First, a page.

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Author Topic: Liliput  (Read 811 times)

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RogerT

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Liliput
« on: October 11, 2017, 02:12:11 PM »

Can someone either point me to a thread on Liliput production history or share info on when they were produced, and why...I.e. Why so small and who played em/carried em?

Grape Ape

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Re: Liliput
« Reply #1 on: October 11, 2017, 02:18:11 PM »

I thought I read somewhere they were designed so small as to be portable and easily carried in the backpacks of the Hitler youth- In fact there were print ads to that effect, but I don’t remember where I found them...
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Pete Dunk

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Re: Liliput
« Reply #2 on: October 11, 2017, 02:22:04 PM »

Made in the 1930s only, they were designed for backpackers and walkers to carry around with them. Production ceased at the beginning of the Second World War I believe.
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RogerT

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Re: Liliput
« Reply #3 on: October 11, 2017, 02:40:38 PM »

I thought I read somewhere they were designed so small as to be portable and easily carried in the backpacks of the Hitler youth- In fact there were print ads to that effect, but I don’t remember where I found them...
It's easy to imagine this scenario, but someone has asked me about them and I don't want to peddle any myths...

Grape Ape

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Re: Liliput
« Reply #4 on: October 11, 2017, 02:48:47 PM »

I have definitely seen the ads I describe- I will try to find one and post it but it will have to wait and probably result in my being placed on a watch list...
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AnnC

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Re: Liliput
« Reply #5 on: October 11, 2017, 03:46:11 PM »

I couldn't say for sure about the Lilliputs but on the inside of the old wooden case for a similar size Galotta melodeon there is a label saying " Sportmodell" as well as a little metal 'Heil' badge and a friend who spent some time in Germany shortly after WW11 sometimes saw small melodeons in hikers rucksacks  (:) ...  so they could have been marketed as suitable for both walkers and 'youth groups'.
« Last Edit: October 11, 2017, 03:50:10 PM by AnnC »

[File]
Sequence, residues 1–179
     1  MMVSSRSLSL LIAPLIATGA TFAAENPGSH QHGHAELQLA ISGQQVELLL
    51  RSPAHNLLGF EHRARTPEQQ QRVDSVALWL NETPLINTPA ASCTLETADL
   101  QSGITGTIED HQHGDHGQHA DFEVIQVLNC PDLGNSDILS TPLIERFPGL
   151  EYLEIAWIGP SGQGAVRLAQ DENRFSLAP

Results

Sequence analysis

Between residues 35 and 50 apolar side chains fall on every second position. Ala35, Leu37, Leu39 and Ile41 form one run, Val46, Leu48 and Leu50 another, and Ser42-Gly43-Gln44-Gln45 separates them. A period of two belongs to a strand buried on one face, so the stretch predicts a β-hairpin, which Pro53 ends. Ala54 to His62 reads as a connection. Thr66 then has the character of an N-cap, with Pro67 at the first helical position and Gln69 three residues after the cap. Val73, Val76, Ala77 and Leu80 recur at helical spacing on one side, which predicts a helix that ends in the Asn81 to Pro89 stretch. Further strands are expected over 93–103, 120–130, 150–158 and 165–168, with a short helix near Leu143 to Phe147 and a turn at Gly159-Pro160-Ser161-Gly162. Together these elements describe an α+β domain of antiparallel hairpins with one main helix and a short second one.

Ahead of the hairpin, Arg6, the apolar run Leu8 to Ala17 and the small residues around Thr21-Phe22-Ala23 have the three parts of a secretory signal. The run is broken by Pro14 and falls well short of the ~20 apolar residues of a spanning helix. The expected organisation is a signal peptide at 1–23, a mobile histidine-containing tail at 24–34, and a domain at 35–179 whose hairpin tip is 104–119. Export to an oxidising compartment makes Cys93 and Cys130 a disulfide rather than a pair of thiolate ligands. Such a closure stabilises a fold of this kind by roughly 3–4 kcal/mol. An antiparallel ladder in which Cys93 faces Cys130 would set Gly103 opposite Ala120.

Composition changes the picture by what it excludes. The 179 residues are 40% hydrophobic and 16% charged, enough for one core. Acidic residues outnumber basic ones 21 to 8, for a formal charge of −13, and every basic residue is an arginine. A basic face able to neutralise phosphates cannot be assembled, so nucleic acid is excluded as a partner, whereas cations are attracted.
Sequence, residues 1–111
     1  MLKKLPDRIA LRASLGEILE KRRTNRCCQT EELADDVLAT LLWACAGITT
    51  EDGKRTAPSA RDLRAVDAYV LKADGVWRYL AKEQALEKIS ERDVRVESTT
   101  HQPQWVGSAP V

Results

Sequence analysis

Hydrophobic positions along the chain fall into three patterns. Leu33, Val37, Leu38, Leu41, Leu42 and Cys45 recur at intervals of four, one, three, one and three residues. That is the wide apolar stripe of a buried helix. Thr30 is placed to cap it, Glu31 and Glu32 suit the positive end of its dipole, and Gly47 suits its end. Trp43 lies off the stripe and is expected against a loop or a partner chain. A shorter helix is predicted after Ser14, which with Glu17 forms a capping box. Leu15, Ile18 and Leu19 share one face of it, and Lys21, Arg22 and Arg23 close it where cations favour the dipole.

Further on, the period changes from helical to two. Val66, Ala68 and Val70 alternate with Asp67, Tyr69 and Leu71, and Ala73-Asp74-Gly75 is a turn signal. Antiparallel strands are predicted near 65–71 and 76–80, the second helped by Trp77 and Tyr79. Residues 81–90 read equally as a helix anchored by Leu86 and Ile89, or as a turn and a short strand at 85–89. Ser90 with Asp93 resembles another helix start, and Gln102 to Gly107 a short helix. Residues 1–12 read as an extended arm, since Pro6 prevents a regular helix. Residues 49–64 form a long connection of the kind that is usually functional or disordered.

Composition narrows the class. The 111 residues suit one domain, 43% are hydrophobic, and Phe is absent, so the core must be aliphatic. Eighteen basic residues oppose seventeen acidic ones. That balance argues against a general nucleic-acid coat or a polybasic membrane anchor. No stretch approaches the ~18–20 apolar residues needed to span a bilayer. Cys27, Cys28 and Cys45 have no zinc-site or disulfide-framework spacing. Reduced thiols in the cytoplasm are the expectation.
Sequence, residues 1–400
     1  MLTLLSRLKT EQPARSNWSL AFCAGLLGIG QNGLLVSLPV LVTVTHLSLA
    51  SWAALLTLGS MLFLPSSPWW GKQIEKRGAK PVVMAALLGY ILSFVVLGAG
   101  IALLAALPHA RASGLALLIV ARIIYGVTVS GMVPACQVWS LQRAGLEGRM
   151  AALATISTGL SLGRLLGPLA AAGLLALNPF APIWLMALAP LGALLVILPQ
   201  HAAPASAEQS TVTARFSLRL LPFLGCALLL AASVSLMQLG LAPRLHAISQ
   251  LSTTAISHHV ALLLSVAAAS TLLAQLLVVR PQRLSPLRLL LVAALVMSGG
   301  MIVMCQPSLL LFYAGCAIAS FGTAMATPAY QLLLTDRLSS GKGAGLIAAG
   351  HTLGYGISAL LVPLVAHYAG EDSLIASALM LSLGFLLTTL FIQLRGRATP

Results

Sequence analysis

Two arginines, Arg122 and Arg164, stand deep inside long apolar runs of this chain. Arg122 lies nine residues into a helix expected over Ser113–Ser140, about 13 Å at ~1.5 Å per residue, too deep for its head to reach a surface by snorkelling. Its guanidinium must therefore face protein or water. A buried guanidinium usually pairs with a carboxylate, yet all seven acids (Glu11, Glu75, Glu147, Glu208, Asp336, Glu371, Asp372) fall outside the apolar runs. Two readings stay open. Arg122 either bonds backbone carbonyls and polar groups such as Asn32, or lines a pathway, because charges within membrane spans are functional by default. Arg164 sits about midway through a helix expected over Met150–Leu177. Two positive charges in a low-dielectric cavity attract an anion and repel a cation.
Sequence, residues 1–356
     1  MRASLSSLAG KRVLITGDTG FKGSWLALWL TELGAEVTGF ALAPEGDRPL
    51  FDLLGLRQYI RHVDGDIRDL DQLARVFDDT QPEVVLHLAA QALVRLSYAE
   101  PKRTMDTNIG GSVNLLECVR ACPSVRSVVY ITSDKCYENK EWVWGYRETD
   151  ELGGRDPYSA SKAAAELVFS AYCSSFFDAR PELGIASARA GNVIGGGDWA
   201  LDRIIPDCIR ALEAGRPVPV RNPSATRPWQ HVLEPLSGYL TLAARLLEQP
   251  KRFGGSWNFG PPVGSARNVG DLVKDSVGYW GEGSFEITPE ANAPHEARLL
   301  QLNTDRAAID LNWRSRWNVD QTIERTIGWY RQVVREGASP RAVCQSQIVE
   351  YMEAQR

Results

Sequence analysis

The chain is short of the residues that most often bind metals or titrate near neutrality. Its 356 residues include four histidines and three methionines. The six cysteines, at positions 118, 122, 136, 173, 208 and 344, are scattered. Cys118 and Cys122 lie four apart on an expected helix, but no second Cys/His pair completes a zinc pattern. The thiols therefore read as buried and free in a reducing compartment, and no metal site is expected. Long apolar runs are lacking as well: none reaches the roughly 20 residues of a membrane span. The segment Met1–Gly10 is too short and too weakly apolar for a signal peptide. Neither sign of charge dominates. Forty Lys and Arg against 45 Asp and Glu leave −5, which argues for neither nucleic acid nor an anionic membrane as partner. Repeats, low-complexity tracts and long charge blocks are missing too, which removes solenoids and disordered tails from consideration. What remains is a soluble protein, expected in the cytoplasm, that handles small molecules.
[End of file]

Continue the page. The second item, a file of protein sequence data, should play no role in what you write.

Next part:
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RogerT

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Re: Liliput
« Reply #6 on: October 11, 2017, 05:42:13 PM »

Well on the several I've worked on they all seem to have field grey straps and one also had a neat little field grey case, so it fits as a 1930s German rambler's companion.

Six Stars

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Re: Liliput
« Reply #7 on: October 11, 2017, 07:59:45 PM »

Hi, my Lilliput has a serial number on the bottom, Hohner still has many of the records. If you let them know the serial number and send a payment of about 20 Euros (this may, of course, have increased with Brexit imminent) they will send you a certificate through the post (I used Transferwise to do the deal). Mine tells me that my Lilliput was shipped on 4th November 1935 to a music shop called Kristen in Duisberg - it still bears a tiny metal plate for this company.

The guy I was in contact with at Hohner is Ralf Tritschler: rtritschler@hohner.de

I seem to remember that I got hold of his e-mail address by looking at the Hohner parent company website in Germany (there is an English version). http://www.hohner.de/en

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triskel

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Re: Liliput
« Reply #9 on: October 12, 2017, 04:07:52 AM »

According to the table of models in "History Unfolds! - 100 Years of Hohner Accordions in Pictures" the Liliput was in production from 1935 until 1940, and the Preciosa from 1935 until 1943, and it is stated in that book that they were "miniature instruments designed to be taken on hiking, camping and canoeing trips", whilst the Liliput is still listed in my September 1941 French Hohner catalogue, as being the accordion for campers, canoeists, mountaineers, etc.
 
The heading for them in my 1937 German Hohner catalogue ("Die Freude des Sportlers") translates as "The joy of the athlete" - but that starts to sound less innocent when you realise that such activities as those previously listed were commonly organised by a Nazi organisation named "Kraft durch Freude" ("Strength Through Joy").

Also, "Physical education in the NAZI view was perhaps the most important parts of the German school child's day. Hitler increased the time for physical training to 2 hours per day, rather than the customary 2 hours per week before the NAZI take over." [Koch, H. W. - The Hitler Youth: Origins and Development 1922-1945. Stein and Day: New York, 1975. p. 163.], and pupil report cards gave prominance to sports and physical education over academic subjects.
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lachenal74693

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Re: Liliput
« Reply #10 on: October 12, 2017, 06:25:23 AM »

...on the inside of the old wooden case for a similar size Galotta melodeon there is a label saying " Sportmodell"...

Does anyone know if the word "Sportmodell" is a generic term for such small instruments,
or whether it is a specific Galotta model?

Thank you.